When Your Face Mask Gives You Maskne

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You can thank COVID-19 for adding another new word to your vocabulary: maskne. That’s short for mask acne, or the side effect of your mask rubbing against your face. Premier Health Now asked Mark Williams, MD, with Jamestown Family Medicine how to best deal with this latest virus-related complication. 

“Maskne occurs for two reasons,” he says. “It’s a combination of the rubbing of the mask on your skin and the trapping of your skin’s oils and body sweat.”  

Here are five things you can do to help prevent maskne: 

  1. Choose a 100 percent cotton mask, which may be kindest to the skin, says the American Academy of Dermatology. Protection from virus transmission is improved if the mask has two layers, Dr. Williams adds.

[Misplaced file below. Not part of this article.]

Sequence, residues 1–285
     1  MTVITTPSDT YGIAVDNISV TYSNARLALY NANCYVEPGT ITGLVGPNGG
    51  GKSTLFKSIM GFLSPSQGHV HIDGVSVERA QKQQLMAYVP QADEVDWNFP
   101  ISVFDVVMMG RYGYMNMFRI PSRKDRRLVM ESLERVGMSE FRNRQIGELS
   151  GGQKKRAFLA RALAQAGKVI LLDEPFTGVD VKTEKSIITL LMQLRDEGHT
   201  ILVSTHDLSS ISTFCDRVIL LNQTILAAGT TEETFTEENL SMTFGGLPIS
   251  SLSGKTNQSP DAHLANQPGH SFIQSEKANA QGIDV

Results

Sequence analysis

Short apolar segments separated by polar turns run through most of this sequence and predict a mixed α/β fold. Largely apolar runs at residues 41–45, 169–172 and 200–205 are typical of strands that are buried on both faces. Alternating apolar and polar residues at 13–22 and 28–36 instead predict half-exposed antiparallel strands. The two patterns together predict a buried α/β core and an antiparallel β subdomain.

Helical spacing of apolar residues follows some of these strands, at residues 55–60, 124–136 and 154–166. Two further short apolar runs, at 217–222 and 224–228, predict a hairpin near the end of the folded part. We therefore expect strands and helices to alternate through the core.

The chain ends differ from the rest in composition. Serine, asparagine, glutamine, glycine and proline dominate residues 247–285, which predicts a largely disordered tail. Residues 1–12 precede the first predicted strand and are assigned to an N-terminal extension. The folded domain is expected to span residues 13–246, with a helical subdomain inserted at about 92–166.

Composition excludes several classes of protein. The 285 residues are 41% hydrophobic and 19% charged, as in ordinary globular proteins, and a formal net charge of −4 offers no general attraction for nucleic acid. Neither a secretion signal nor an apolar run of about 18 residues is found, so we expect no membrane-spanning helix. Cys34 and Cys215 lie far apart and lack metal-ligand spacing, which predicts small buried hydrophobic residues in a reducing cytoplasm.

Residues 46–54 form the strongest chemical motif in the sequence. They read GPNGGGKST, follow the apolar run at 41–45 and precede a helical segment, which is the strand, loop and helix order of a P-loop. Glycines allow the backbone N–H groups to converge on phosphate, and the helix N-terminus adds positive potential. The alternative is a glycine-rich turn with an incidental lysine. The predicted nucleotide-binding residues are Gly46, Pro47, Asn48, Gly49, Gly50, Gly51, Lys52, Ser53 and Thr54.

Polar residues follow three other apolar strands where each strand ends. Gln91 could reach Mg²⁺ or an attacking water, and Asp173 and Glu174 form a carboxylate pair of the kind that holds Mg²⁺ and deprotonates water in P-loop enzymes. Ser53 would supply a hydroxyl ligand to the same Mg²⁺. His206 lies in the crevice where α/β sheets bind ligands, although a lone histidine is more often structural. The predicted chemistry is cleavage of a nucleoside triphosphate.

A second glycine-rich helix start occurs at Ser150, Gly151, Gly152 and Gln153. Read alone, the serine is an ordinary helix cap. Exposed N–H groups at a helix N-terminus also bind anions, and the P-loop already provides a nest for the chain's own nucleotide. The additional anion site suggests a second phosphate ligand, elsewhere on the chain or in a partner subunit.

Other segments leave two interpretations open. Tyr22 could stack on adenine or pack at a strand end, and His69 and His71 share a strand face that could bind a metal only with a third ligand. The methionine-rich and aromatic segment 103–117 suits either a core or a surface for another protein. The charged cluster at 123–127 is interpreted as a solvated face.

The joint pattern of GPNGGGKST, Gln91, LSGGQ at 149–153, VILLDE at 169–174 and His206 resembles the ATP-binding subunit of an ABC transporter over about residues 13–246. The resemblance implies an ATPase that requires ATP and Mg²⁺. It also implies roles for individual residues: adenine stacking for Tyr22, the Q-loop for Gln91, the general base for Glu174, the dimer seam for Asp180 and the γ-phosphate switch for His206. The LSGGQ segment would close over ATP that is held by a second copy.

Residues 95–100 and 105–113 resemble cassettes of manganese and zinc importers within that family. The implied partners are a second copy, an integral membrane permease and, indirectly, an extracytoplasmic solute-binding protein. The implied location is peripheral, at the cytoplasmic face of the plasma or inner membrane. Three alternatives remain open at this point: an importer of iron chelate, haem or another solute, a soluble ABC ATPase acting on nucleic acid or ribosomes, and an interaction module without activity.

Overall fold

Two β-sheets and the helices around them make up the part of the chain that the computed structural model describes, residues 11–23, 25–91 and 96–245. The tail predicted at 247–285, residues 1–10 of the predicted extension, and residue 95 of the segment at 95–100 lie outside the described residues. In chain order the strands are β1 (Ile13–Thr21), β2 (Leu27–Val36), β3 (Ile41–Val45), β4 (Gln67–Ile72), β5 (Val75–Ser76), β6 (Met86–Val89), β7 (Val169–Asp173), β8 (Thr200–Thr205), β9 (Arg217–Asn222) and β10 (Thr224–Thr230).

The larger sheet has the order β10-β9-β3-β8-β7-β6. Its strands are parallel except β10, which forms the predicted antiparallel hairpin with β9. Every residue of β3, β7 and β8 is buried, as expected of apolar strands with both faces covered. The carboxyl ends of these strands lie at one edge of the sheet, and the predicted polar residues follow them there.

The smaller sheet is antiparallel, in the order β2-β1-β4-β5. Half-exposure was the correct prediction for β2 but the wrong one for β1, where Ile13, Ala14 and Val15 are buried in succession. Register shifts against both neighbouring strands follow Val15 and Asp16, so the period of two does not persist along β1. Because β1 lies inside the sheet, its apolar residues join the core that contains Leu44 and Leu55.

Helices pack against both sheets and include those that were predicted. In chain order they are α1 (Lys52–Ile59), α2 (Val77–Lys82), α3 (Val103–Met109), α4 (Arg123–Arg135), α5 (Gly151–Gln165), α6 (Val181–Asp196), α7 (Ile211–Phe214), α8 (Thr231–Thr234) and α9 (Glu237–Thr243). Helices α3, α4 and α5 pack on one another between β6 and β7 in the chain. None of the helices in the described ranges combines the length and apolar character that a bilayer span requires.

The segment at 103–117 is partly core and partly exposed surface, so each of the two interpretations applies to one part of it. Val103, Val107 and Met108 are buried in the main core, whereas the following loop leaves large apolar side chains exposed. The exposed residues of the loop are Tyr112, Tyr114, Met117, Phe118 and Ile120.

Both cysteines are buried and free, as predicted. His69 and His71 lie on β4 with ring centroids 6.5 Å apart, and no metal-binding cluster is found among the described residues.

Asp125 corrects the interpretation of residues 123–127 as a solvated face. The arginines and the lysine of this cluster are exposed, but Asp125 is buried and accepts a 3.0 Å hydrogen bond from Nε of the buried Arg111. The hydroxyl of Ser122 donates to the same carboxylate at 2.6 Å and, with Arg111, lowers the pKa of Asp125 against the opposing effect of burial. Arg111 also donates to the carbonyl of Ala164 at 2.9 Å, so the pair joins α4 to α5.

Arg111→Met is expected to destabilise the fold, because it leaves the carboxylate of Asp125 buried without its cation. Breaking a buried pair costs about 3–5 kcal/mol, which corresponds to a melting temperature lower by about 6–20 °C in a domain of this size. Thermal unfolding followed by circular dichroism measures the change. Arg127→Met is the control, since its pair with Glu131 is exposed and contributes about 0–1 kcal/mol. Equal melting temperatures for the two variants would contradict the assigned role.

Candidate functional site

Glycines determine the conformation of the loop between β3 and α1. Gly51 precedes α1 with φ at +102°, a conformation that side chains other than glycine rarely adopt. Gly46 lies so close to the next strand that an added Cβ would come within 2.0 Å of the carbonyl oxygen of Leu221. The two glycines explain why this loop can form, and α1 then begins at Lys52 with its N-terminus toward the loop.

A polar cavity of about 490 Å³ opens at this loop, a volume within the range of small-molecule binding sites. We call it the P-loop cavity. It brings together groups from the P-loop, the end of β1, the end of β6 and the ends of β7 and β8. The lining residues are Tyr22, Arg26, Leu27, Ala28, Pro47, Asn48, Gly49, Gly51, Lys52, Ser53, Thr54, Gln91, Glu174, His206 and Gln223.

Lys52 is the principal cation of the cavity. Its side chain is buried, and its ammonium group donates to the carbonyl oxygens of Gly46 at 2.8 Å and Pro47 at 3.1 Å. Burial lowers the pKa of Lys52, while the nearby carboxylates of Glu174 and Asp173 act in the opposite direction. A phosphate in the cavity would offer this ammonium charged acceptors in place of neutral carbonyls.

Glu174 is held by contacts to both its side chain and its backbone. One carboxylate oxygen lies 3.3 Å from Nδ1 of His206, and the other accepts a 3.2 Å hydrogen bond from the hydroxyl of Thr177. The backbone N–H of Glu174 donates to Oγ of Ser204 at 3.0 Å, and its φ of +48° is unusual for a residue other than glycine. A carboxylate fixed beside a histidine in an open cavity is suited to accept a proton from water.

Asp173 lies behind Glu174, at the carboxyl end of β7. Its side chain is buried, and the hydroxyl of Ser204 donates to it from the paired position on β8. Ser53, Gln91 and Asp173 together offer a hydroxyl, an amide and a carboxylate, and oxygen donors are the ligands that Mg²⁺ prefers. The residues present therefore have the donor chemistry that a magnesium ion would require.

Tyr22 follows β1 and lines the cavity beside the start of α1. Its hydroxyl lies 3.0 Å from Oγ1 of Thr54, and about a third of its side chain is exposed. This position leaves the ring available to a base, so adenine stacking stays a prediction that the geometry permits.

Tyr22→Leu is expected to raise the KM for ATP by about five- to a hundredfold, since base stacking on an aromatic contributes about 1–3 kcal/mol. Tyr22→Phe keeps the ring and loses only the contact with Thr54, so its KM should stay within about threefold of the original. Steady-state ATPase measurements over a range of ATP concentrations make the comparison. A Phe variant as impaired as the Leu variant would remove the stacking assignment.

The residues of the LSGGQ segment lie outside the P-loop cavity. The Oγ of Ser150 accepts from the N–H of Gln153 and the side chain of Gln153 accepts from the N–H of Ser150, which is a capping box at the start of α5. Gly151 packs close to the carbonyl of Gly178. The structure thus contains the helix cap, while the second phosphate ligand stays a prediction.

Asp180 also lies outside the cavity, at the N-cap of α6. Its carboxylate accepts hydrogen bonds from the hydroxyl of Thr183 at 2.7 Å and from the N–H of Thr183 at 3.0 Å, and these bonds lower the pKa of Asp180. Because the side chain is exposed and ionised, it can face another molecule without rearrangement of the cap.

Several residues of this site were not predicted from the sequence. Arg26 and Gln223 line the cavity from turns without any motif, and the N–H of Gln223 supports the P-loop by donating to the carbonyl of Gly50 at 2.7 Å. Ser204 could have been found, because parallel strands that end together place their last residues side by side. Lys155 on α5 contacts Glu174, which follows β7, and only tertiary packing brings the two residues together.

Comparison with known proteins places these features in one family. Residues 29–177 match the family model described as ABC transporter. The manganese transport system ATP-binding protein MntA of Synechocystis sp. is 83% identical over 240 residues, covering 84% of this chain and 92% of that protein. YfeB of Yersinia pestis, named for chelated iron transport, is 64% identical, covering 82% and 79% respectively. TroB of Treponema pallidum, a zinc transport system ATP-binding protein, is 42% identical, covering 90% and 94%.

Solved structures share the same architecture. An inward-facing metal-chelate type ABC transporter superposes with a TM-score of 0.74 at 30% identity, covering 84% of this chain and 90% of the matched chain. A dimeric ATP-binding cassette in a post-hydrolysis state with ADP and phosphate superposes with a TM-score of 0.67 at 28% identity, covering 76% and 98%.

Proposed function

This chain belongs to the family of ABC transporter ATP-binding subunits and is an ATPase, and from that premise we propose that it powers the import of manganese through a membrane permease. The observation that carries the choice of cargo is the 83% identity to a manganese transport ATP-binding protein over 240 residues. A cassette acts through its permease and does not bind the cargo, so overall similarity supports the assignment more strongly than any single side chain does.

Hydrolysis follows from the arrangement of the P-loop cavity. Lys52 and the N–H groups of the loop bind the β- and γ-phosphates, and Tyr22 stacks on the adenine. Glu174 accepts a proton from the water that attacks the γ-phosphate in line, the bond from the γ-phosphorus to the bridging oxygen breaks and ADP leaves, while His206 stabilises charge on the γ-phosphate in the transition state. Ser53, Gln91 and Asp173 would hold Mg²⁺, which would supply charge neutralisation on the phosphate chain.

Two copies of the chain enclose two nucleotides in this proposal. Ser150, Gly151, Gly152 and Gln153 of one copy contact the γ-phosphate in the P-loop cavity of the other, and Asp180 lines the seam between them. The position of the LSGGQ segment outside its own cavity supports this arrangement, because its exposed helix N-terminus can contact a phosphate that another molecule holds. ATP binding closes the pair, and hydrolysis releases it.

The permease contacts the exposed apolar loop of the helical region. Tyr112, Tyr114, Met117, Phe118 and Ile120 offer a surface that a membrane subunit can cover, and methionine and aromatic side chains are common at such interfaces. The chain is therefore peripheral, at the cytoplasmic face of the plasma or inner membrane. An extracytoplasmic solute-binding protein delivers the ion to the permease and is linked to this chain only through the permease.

2. Wash your mask every day to prevent a build-up of sweat, oils, and make-up.
  3. “Keep your face clean, but don’t wash it too often or you can dry out your skin and make the problem worse,” says Dr. Williams. He recommends using a non-soap cleanser like Noxzema® or Neutrogena® Acne Wash, then follow with a very mild moisturizer.
  4. Cut down on make-up. “Some make-up contains chemicals that can really irritate the skin when it’s trapped behind a mask,” Dr. Williams warns.   
  5. Remove your mask whenever it’s safe to do so. This lets your skin breathe, says Dr. Williams. “I’ve seen people driving alone in their car wearing a mask. That’s a good time to remove it and get some air flowing to your face.”

If the acne gets too bad, Dr. Williams suggests consulting a physician or health care provider. “Treatment would be similar to treating regular acne,” he says. “I’d suggest benzoyl peroxide, but use a much less potent solution than 10 percent, which is typical for acne. That’s because when you treat your skin and then cover it with a mask, the mask actually multiplies the potency of the benzoyl peroxide.”  

It's easy to get the care you need.

See a Premier Physician Network provider near you.